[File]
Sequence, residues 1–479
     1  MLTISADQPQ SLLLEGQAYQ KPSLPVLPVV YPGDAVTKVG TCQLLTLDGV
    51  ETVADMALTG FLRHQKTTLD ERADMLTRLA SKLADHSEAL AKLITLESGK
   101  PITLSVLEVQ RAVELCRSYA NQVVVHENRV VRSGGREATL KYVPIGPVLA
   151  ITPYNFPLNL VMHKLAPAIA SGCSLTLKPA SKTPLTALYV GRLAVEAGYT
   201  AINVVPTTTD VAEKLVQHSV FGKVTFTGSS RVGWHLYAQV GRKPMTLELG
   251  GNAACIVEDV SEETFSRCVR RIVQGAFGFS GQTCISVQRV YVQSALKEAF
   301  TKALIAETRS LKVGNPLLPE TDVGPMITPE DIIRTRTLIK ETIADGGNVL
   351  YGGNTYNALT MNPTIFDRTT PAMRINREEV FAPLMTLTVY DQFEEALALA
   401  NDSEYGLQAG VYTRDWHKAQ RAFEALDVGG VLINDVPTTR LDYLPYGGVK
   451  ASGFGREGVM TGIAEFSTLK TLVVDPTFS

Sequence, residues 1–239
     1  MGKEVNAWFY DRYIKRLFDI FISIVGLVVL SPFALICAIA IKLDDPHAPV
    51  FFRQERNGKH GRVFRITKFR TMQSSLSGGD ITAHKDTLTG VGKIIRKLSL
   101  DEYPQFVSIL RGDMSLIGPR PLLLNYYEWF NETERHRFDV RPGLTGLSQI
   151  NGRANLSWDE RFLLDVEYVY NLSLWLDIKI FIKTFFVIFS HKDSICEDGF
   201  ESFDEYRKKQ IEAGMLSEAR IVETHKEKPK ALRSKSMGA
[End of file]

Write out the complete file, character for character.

Sequence, residues 1–479
     1  MLTISADQPQ SLLLEGQAYQ KPSLPVLPVV YPGDAVTKVG TCQLLTLDGV
    51  ETVADMALTG FLRHQKTTLD ERADMLTRLA SKLADHSEAL AKLITLESGK
   101  PITLSVLEVQ RAVELCRSYA NQVVVHENRV VRSGGREATL KYVPIGPVLA
   151  ITPYNFPLNL VMHKLAPAIA SGCSLTLKPA SKTPLTALYV GRLAVEAGYT
   201  AINVVPTTTD VAEKLVQHSV FGKVTFTGSS RVGWHLYAQV GRKPMTLELG
   251  GNAACIVEDV SEETFSRCVR RIVQGAFGFS GQTCISVQRV YVQSALKEAF
   301  TKALIAETRS LKVGNPLLPE TDVGPMITPE DIIRTRTLIK ETIADGGNVL
   351  YGGNTYNALT MNPTIFDRTT PAMRINREEV FAPLMTLTVY DQFEEALALA
   401  NDSEYGLQAG VYTRDWHKAQ RAFEALDVGG VLINDVPTTR LDYLPYGGVK
   451  ASGFGREGVM TGIAEFSTLK TLVVDPTFS

Sequence, residues 1–239
     1  MGKEVNAWFY DRYIKRLFDI FISIVGLVVL SPFALICAIA IKLDDPHAPV
    51  FFRQERNGKH GRVFRITKFR TMQSSLSGGD ITAHKDTLTG VGKIIRKLSL
   101  DEYPQFVSIL RGDMSLIGPR PLLLNYYEWF NETERHRFDV RPGLTGLSQI
   151  NGRANLSWDE RFLLDVEYVY NLSLWLDIKI FIKTFFVIFS HKDSICEDGF
   201  ESFDEYRKKQ IEAGMLSEAR IVETHKEKPK ALRSKSMGA